David Bourget (Western Ontario)
David Chalmers (ANU, NYU)
Rafael De Clercq
Jack Alan Reynolds
Learn more about PhilPapers
Asian Philosophy 15 (2):173 – 189 (2005)
The paper is an effort to better understand, through a comparison, how Confucius and Socrates initate their ethical inquiries that have laid down, respectively, the foundations of Chinese and Western ethics. Since both Confucius and Socrates claim to have a divine mission to undertake their investigations, the paper focuses on the issue about how religion and rational philosophy are related when ethics begins. It shows that both have serious religious belief, yet each has secular rational grounds for doing what he is doing. Finally, each philosopher has a different view about how human beings are related to the divine being, and the difference determines their different approaches to ethics.
|Keywords||No keywords specified (fix it)|
|Categories||categorize this paper)|
Setup an account with your affiliations in order to access resources via your University's proxy server
Configure custom proxy (use this if your affiliation does not provide a proxy)
|Through your library|
References found in this work BETA
No references found.
Citations of this work BETA
Qingping Liu (2013). Emotionales Versus Rationales: A Comparison Between Confucius' and Socrates' Ethics. Asian Philosophy 23 (1):86-99.
Similar books and articles
Tang Yijie & Yan Xin (2008). The Contemporary Significance of Confucianism. Frontiers of Philosophy in China 3 (4):477 - 501.
J. L. Schellenberg (2005). The Hiddenness Argument Revisited (II). Religious Studies 41 (3):287 - 303.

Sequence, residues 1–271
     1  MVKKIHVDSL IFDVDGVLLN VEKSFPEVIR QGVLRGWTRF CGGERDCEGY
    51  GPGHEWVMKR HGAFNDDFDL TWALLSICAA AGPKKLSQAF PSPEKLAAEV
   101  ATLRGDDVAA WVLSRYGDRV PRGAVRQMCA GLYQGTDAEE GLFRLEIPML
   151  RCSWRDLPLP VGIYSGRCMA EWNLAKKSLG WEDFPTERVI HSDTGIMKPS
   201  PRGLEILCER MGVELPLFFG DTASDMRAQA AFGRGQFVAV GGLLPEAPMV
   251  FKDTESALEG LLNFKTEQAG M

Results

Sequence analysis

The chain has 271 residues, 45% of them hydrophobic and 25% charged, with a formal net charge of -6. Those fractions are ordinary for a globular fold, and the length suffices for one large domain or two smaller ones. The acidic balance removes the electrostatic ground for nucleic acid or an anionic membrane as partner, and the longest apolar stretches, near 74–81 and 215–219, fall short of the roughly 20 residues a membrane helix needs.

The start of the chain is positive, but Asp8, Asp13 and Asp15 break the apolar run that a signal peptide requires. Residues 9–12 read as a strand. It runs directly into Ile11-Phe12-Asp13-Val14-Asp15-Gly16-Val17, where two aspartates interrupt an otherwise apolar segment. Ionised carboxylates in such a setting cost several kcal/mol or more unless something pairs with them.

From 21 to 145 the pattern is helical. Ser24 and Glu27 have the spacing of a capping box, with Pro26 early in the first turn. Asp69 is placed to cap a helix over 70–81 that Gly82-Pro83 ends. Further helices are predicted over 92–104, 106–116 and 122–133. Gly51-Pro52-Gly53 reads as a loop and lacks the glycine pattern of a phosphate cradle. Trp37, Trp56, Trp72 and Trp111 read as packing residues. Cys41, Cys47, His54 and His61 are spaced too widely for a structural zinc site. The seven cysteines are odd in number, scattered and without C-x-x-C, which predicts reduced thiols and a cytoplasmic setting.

Shuo Dongfang & Hongcheng Lin (2006). Separation of Politics and Morality: A Commentary on Analects of Confucius. [REVIEW] Frontiers of Philosophy in China 1 (3):401-417.
P. X. Monaghan (2010). A Novel Interpretation of Plato's Theory of Forms. Metaphysica 11 (1):63-78.
H. M. Malm (1989). Commodification or Compensation: A Reply to Ketchum. Hypatia 4 (3):128 - 135.
H. E. Baber (1987). How Bad Is Rape? Hypatia 2 (2):125 - 138.
Tongdong Bai (2010). What to Do in an Unjust State?: On Confucius's and Socrates's Views on Political Duty. [REVIEW] Dao: A Journal of Comparative Philosophy 9 (4):375-390.
Peter J. Taylor (1994). Shifting Frames: From Divided to Distributed Psychologies of Scientific Agents. PSA: Proceedings of the Biennial Meeting of the Philosophy of Science Association 1994:304 - 310.
Added to index2009-01-28
Total downloads34 ( #48,091 of 1,096,425 )
Recent downloads (6 months)5 ( #44,086 of 1,096,425 )
How can I increase my downloads?